Co-Owner: Starry Kitchen
350 S. Grand Ave.
Los Angeles, CA 90071
Yelp: 4 stars
Interview Date: Monday, July 26, 2010
A year ago, when Nguyen’s wife Thi was laid off from her job in advertising, Nguyen encouraged her to follow her cooking passion. But this isn’t your typical husband – he didn’t suggest that she go to cooking school or find a job … “I said, let’s open an illegal restaurant in our apartment!”
And so begins the highly unusual story of Starry Kitchen.
“Thi had been updating her Facebook profile with photos of different dishes she had cooked for several months, so people were already thinking of her as a chef,” says Nguyen, a film producer. “When she updated her status to let people know that she had been laid off, she got 27 replies, all telling her to cook – to get a food truck or something. She thought we were all crazy, but I told her ‘Everyone in the whole world knows that you love to cook except for you!’”
At the time, food trucks were hitting it big, led by Kogi. Nguyen and Thi agreed that Vietnamese food paired even better with Mexican food, and began thinking about developing a food truck based on Pan Asian comfort foods. “For three weeks we played with everything we could think of, and then I said – let’s start it – why not?” says Nguyen. “We opened our illegal restaurant in our apartment on Sundays for lunch, offering one dish per day and asking for a $5 donation.”
Within a few weeks, friends and neighbors had spread the word. The service on Sundays increased from 25 people to 75 people, and then Nguyen and Thi added dinner on Wednesdays. “Once people came in, they liked it, they brought in more people, and the buzz just grew,” says Nguyen. “We had Yelp reviews about our apartment. In fact, we were the No. 1 rated Asian restaurant on Yelp, and No. 2 was a five-star restaurant! It was amazing!”
“Eventually the health department found us,” says Nguyen. “Although we were technically a dinner party with donations, they shut us down, and I told my wife it was the best thing that ever happened to us.”
The timing worked out – a friend had been operating a struggling sushi restaurant in the Grand Plaza. “We had been thinking of doing a truck, but at the time the rent for this space was the same as rent for a truck because at the time everyone wanted a truck,” says Nguyen. “We did some test runs on Saturdays to see if we wanted to do this, and we really liked it.” They took over the lease in mid-January and opened February 16, 2010.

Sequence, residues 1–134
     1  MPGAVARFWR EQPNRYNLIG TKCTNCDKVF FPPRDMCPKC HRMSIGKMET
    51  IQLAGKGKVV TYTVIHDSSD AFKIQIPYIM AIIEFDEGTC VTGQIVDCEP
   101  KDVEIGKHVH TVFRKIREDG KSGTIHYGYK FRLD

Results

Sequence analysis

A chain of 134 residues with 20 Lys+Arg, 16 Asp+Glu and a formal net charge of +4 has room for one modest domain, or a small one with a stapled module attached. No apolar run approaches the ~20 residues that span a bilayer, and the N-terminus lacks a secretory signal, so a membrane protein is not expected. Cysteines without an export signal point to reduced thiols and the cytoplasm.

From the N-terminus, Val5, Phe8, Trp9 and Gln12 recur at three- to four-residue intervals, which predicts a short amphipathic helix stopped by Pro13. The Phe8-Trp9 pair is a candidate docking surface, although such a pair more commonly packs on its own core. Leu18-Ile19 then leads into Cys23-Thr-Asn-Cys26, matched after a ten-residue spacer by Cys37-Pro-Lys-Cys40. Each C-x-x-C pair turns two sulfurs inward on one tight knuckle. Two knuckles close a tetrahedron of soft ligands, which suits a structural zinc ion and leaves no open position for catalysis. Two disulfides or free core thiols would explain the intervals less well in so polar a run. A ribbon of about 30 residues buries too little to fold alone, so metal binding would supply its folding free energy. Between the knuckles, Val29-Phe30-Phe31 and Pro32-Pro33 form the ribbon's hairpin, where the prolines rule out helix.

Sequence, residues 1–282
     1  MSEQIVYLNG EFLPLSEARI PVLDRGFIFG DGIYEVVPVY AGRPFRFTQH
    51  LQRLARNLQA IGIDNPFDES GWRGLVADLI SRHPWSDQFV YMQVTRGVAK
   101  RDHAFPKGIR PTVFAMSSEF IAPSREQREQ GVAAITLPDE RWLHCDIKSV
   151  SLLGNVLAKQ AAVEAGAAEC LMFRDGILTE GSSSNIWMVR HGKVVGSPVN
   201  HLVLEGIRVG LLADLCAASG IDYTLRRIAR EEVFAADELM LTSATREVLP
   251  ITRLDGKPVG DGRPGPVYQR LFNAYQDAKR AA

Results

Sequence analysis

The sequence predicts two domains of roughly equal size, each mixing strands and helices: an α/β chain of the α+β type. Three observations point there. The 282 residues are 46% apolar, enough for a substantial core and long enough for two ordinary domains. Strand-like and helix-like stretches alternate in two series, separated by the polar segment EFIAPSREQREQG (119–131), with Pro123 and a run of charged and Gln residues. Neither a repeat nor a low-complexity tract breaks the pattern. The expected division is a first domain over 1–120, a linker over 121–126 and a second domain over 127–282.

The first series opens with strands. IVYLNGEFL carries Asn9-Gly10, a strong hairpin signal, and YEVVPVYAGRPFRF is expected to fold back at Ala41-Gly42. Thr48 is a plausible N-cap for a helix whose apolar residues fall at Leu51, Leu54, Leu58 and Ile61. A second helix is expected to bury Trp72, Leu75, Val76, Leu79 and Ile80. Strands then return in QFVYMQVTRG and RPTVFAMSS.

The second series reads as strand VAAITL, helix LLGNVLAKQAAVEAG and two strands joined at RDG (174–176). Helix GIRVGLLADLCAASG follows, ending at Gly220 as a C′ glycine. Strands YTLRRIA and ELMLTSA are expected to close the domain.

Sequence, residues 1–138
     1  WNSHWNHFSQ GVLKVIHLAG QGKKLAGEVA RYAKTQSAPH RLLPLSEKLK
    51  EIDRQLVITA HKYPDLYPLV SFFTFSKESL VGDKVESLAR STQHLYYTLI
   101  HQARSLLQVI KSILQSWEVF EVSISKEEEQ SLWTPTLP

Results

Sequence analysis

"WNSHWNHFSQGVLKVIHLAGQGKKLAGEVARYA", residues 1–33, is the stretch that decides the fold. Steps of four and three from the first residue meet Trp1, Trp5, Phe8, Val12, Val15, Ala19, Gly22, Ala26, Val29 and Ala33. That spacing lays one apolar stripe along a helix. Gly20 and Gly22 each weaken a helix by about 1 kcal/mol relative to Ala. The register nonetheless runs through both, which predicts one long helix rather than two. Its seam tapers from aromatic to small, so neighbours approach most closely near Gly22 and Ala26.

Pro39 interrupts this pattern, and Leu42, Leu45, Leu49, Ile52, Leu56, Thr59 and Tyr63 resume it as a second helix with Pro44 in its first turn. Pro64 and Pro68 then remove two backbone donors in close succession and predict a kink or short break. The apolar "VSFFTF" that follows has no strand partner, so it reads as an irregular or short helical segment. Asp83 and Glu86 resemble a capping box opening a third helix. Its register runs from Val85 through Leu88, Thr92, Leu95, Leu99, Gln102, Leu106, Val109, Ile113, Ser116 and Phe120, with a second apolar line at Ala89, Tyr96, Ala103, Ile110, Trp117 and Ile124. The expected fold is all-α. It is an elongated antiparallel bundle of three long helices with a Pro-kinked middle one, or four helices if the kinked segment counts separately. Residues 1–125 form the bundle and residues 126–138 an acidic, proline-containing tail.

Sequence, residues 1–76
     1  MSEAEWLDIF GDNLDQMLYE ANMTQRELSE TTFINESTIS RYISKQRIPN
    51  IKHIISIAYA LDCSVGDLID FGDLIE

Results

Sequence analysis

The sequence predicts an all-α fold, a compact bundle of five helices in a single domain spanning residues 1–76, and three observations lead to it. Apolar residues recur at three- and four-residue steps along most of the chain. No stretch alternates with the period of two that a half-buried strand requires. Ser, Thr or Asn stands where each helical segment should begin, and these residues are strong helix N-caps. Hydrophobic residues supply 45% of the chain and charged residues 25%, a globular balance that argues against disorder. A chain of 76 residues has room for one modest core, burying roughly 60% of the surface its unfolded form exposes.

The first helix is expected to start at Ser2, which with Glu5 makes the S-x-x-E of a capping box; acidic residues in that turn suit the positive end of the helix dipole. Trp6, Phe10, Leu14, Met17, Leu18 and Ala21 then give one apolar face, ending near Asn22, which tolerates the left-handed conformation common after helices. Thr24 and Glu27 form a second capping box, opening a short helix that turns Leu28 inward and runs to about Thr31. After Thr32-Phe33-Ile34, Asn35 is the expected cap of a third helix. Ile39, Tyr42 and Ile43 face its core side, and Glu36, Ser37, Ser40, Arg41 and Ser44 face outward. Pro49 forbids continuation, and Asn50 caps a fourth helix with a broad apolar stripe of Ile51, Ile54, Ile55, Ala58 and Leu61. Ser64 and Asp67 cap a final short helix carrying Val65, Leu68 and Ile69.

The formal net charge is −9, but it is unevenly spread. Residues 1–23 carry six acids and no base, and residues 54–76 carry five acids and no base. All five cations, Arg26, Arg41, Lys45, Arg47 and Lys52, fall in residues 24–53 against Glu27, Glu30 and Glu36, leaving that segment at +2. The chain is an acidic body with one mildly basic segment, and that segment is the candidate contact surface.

Some financing was gathered from friends and family, but there weren’t many startup costs. “The only thing we changed is the paint and the stickers (signs),” says Nguyen. He put his film career on hiatus and took over as “marketing” for Starry Kitchen, while Thi is Executive Chef. They are both on-site every day, and seem to love what they are doing. The day that I visited, Nguyen wore a sandwich board sign to promote some of the specials and had a conversation with every single customer who walked in the door. The menu is simple and changes constantly. It all falls under the general heading of Pan Asian cuisine and is priced under $10.
Without a doubt, Nguyen says that the best part of owning a restaurant is the customers. “I’m a very intense personality – I know that. Whatever I do, I figure out how to make my personality work for us, and so far it’s working here!”
Nguyen and Thi are planning to expand Starry Kitchen, especially since the work has actually been easier and more enjoyable than they expected. “I thought we would be working a lot harder for a lot fewer customers,” says Nguyen. “But we have had such a great response, our timing is great, and our sub-$10 price point for fresh food means that people are willing to taste it, and then when they taste it, they love it and come back for more!”